Habits, we all have them. The mere mention of the word conjures up the negative ones: smoking, drinking, food, gambling, drugs, and even sex. We often associate them with addictions. Even the normal daily activities we get on with are negatively coupled with this word. How many times have we said or heard:
- “I’m habitually late.”
- “This is starting to become a habit.”
- “I have habitual insomnia.”
- “I habitually forget my mum’s birthday.”
(By the way, better kick that last habit straight away.) But why are we all so inclined to think of habits negatively? Are habits just masked addictions? And is there a difference?
The Power of Habits
The routine habits of our lives define our existence. We are simply the accumulation of our habits, and we tend to focus on bad ones. It’s in our nature. However, we can empower ourselves by fueling good habits to replace the bad ones by incorporating a better methodology for managing those that are good, specifically running.
Before we get to running, let’s first take a quick look at habit formation:
Psychology Today reports in Understanding Habit Formation that, “Habit formation is the process by which new behaviors become automatic. If you instinctively reach for a cigarette the moment you wake up in the morning, you have a habit. By the same token, if you lace up your running shoes and hit the streets as soon as you get home, you’ve acquired a habit. That’s because the behavioral patterns we repeat most often are literally etched in our neural pathways.”
Running is “etched” in our brains. We know that, we’re runners and yes maybe we are addicted to the act. Well, most of us are and many would like to be, but cannot. Life’s distractions and a lack of understanding of how to seamlessly incorporate good habits into our lives prevent us from doing so.
If you’re a casual runner and the act is not in your queue of daily habits, well it can be done easily. Follow these 4 steps and running will become a comforting ritual. Rather than a silly acronym, let’s summarize the steps with a sentence: “PLAN FOR REGULAR REWARDS RUNNING TOGETHER” Here’s how:
Whether you are training for a marathon or just want to run a little more than you currently do, create a suitable running plan.
Planning gives us focus, motivation and a goal. Part of forming good habits is carefully deciding on what it is we want to accomplish. If you tell yourself you want to be able to consistently run 30 kilometers per week, carefully map out which days you will run, how far and how long. Write it down and look at it. The eyes will forge the plan to the brain, and thus, a habit is born.
Planning the specific date, distance and time of your running will cue your brain to expect this, and it will respond by anticipating it as a habit.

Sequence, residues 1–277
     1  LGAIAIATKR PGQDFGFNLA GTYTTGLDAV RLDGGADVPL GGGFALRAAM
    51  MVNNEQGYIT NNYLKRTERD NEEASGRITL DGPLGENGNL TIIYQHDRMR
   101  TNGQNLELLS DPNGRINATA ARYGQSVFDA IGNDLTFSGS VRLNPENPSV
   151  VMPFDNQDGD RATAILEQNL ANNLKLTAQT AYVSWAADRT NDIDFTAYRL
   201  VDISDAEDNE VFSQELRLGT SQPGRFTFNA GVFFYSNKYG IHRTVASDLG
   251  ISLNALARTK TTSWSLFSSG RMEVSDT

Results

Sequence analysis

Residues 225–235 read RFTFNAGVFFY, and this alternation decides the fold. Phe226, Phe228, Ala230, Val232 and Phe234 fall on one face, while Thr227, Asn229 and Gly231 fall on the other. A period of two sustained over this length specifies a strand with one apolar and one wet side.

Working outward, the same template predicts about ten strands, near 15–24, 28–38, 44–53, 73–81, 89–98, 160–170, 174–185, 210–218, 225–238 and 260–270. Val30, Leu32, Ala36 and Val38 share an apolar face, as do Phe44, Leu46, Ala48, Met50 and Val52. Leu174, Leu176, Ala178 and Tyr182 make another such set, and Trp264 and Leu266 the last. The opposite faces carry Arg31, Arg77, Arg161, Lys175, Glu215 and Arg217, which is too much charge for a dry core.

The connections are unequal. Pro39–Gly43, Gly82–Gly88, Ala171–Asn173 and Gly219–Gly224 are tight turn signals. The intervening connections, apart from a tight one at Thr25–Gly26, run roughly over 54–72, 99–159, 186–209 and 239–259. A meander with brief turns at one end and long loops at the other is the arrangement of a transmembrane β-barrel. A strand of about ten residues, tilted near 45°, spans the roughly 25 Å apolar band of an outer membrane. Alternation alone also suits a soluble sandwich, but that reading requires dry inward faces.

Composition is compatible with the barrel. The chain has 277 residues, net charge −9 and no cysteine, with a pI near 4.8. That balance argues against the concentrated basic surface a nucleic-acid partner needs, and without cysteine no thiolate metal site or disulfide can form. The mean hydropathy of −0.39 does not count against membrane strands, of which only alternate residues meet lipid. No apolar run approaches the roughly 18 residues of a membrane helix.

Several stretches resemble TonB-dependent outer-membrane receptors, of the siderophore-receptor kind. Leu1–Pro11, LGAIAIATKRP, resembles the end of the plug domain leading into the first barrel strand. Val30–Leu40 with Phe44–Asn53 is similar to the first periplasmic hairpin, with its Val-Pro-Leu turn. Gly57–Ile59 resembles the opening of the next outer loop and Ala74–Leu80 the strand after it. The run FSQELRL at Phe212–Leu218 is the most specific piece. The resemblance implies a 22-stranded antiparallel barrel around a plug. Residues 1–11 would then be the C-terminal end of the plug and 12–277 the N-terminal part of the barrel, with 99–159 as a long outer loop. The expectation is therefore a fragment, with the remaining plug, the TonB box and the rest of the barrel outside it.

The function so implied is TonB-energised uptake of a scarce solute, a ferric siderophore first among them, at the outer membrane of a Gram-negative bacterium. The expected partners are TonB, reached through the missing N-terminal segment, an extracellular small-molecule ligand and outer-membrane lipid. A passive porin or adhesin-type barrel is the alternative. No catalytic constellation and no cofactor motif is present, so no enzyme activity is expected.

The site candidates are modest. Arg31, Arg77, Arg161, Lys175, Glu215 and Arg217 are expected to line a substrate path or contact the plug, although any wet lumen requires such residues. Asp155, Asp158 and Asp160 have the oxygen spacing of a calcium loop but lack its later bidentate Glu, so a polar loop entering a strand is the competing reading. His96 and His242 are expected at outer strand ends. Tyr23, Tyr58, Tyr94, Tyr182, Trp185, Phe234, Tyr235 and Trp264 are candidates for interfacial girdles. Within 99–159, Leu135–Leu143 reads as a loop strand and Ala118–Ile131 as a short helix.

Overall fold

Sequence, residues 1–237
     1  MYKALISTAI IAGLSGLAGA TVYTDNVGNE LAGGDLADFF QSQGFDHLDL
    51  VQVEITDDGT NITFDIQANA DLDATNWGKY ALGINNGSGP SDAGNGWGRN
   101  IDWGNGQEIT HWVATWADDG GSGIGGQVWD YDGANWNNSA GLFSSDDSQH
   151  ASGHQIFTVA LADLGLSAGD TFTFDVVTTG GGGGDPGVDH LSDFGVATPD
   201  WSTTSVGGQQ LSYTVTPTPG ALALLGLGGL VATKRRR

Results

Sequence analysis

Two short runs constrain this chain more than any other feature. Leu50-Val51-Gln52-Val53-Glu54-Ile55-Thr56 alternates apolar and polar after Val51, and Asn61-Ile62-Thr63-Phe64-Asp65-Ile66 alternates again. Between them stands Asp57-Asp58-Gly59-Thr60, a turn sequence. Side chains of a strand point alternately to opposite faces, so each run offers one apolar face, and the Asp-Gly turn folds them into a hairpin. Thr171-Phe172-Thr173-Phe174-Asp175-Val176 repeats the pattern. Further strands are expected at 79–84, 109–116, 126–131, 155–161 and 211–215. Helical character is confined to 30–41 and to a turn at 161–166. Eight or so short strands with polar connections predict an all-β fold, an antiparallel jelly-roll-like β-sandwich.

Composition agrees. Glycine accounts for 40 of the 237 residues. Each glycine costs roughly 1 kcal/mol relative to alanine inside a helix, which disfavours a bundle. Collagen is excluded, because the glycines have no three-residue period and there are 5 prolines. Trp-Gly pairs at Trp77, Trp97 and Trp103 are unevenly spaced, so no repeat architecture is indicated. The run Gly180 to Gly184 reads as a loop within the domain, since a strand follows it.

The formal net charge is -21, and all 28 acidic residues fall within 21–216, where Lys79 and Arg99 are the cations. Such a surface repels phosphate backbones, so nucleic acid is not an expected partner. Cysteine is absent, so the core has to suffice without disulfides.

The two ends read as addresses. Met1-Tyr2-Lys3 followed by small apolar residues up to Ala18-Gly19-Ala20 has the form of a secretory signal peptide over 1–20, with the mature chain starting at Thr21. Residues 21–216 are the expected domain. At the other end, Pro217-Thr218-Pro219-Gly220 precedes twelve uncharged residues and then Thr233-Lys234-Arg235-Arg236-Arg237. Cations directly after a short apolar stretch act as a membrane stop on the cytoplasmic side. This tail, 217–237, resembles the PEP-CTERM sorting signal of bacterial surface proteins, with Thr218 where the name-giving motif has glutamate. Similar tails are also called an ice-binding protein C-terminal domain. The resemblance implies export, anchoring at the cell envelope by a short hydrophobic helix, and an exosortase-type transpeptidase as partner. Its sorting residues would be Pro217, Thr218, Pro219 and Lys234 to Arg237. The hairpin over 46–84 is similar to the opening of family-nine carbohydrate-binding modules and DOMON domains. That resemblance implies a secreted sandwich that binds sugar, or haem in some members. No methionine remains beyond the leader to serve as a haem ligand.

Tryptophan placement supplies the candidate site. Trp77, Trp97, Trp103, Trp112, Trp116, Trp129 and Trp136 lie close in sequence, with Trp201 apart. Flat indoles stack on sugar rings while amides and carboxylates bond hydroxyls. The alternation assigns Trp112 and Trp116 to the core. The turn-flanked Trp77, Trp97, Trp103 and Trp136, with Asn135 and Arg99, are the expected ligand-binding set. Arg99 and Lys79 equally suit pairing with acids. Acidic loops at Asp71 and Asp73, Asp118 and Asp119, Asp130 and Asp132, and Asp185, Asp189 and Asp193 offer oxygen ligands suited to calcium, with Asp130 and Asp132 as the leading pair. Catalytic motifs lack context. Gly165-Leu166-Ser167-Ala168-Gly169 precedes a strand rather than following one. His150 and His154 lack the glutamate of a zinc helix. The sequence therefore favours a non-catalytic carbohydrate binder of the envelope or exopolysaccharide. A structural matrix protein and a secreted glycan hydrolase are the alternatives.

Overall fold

Keep your plan simple, predictable and regular.
Predictability in scheduling the time of day you choose to run will help adjust your body and mind to the habit. We get up at a particular time each day and proceed on a predictable time table, so our brain knows when it’s time for certain activities. Our cerebral cortex has a clock and it will expect to run at a certain time each day, if it’s accustomed to it.
Many runners must run in the morning. Some only run at night. No matter, the body just wants a regular schedule to process this as a habit.
The added benefit to choosing a regular time of day: our loved ones are more apt to give us the time and space to do so. Families will understand the benefits of giving you the time to exercise. Running improves energy, appearance and most importantly to our families, mood and temperament. Your family likes that you run.
Reward yourself immediately after a good run. The reward system helps trigger positive thoughts associated with the activity.
Have a sweet morsel awaiting you after you’ve finished. You’ve burned the calories, enjoy the moment. I have a friend who puts a pound note in a jar after every run for his “pint fund” at the end of his evening run. (I think he enjoys a pint after his run anyway.)
Sleep in on your rest day. Sleep helps the body and brain recover faster, and has also been proven to contribute to longevity.
Rewards trigger running inspiration and stimulate the brain to expect something good for the good of the run. Rewards feed the habit.
Enjoy the ritual with friends or loved ones. Make time to run with fellow runners. It helps establish a support system that motivates you to continue the habit. The expectation of accountability from others will force the behavior to be inclusive and thus the social interaction becomes its own habit. It helps to band and bond with others, improves friendship but more importantly, the habit bonds with the brain.
Does any more need to be said?
The Happy Habit of Running
It is widely accepted by scientists that running produces euphoria and happiness that produces a state of clarity and calmness.
Psychology Today further states “By breaking down the change process into measurable goals, rewarding your success and reaching out when you need help, you’ll be on your way to a longer and more fulfilling life.”
Make exercise a habit. It may even “become habit forming”, in a good way. Cheers to your running routine.